cosmic microwave background, cosmology, gravitational lensing

Although the particles of dark matter continue to allude us, astronomers continue to find evidence of it. In a recent study, they have seen its effect from the edge of visible space, when the universe was just 1.5 billion years old.

Dark matter doesn’t emit its own light, nor does it absorb light like a dark cloud. But it does affect light gravitationally. So clumps of dark matter create a gravitational lens that deflects and focuses light. Astronomers have long used this effect to map dark matter within galactic clusters. You can even see this lensing effect in the recent Webb deep field images. The light from more distant galaxies is warped by the mass of closer galaxies, which astronomers can map to calculate the distribution of dark matter in those closer galaxies.

But in this latest study, the galaxies are so distant that there aren’t really any more distant galaxies. Certainly none bright enough that we can see their lensed light. So instead, the team used the light from the cosmic microwave background (CMB). To map dark matter, the team used data from the Subaru Hyper Suprime-Cam Survey (HSC), and identified about 1.5 million faint and distant galaxies. They then used data from the Plank satellite to see how CMB light was deflected. From this, they created a map of dark matter in the early universe.

cosmic microwave background, cosmology, gravitational lensing

The cosmic microwave background as seen by different satellites. Credit: NASA/JPL-Caltech/ESA

It’s the most distant measure of dark matter ever made, and it opens a possible crack in our current model of the universe. In the standard cosmological model, known as the LCDM model, dark energy drives the expansion of the universe, striving to push galaxies apart, while the gravitational attraction of matter and dark matter cause galaxies to clump together. According to LCDM, the scale at which we observe fluctuations in the cosmic background drives the scale at which galaxies cluster together, which tells us how densely galaxies should be clustered in the early universe. In this latest work, the amount of galactic clustering in the early period is slightly less than predicted by the LCDM model.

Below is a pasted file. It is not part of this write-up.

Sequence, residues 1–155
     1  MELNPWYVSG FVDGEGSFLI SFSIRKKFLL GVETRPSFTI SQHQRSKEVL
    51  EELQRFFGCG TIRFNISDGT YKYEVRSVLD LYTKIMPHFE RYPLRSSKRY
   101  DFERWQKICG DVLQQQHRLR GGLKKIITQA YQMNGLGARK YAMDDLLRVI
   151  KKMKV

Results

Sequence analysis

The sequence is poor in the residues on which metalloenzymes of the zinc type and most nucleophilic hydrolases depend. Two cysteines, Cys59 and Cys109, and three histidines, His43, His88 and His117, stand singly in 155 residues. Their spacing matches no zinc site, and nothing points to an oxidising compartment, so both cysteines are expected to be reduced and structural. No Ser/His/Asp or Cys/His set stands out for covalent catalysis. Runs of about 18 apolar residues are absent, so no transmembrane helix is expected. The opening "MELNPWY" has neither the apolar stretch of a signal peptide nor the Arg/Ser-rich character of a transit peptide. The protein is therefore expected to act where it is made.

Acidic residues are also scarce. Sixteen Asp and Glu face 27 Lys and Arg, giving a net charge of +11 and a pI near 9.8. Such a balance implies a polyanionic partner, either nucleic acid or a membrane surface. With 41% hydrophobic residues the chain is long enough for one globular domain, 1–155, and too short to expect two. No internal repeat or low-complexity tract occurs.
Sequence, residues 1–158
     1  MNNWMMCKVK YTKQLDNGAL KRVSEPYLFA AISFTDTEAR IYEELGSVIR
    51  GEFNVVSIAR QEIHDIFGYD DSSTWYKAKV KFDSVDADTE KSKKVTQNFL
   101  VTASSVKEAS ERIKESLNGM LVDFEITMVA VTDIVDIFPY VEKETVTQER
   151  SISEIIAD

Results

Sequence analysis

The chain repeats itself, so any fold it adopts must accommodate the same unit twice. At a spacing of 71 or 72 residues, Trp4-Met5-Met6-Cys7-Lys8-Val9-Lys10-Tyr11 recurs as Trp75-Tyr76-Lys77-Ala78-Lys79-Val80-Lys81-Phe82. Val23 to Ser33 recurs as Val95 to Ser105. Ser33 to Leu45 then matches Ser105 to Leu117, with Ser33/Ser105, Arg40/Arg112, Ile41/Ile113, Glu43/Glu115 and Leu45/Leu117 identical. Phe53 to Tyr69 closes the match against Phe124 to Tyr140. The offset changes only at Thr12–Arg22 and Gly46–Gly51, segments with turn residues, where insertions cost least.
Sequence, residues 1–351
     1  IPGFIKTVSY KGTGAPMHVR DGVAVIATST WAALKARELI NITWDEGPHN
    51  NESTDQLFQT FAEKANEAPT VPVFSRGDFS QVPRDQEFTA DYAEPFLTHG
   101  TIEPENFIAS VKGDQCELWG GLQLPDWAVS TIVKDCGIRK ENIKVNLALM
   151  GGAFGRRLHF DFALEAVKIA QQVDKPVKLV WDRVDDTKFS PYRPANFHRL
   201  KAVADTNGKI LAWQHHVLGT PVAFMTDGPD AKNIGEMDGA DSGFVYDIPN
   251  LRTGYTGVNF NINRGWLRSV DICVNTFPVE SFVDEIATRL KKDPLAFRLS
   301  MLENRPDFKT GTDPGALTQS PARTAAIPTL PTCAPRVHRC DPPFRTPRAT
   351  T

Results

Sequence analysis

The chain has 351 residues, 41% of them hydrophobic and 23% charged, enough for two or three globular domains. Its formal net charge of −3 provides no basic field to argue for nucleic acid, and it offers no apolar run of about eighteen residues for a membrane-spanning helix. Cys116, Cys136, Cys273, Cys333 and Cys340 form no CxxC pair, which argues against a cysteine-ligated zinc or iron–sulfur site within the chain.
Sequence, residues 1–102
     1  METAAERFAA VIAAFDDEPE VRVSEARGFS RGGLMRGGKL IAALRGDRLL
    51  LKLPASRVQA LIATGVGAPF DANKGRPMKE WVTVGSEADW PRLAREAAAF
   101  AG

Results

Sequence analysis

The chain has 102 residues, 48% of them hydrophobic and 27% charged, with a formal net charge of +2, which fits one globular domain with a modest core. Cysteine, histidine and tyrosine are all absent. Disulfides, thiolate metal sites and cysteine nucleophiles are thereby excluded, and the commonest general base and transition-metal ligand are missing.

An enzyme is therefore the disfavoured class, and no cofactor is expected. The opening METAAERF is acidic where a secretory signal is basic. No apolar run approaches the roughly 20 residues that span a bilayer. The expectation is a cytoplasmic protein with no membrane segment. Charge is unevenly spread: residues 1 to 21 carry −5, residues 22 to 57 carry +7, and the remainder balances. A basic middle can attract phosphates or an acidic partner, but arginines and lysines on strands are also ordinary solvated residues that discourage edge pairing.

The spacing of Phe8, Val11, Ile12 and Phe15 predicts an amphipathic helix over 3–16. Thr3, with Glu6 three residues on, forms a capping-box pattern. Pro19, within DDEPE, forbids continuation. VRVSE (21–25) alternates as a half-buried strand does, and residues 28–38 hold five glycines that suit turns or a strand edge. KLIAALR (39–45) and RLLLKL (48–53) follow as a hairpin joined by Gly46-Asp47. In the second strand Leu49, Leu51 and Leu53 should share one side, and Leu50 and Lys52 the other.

The uncertainty of the team’s measurements means their result isn’t conclusive. It’s possible that they simply under measured the clumping scale. But if it’s right, it suggests that the laws of the universe were a bit different 12 billion years ago. Combined with observations that show a tension in the rate of cosmic expansion, they could be on to something.

There are a lot of possibilities. But the biggest success of this work is that we now have actual data. It’s a big first step, and as we get more data from telescopes such as the James Webb Space Telescope and Vera Rubin Observatory, we should be able to solve this mystery, and finally learn if the cosmic laws really were different in the dark and distant past.

Reference: Miyatake, Hironao, et al. “First Identification of a CMB Lensing Signal Produced by 1.5 Million Galaxies at z ~ 4: Constraints on Matter Density Fluctuations at High Redshift.” Physical Review Letters 129.6 (2022): 061301.

TECH NEWS RELATED

What's in Biden's big climate and health plan?

Hundreds of billions of dollars for clean energy projects, cheaper prescription drugs and new corporate taxes are a few of the key items in US President Joe Biden’s massive investment plan, which Congress has now passed. Here’s a closer look at the signature elements of the package, which represents ...

View more: What's in Biden's big climate and health plan?

Ukraine nuclear plant standoff stirs Chernobyl memories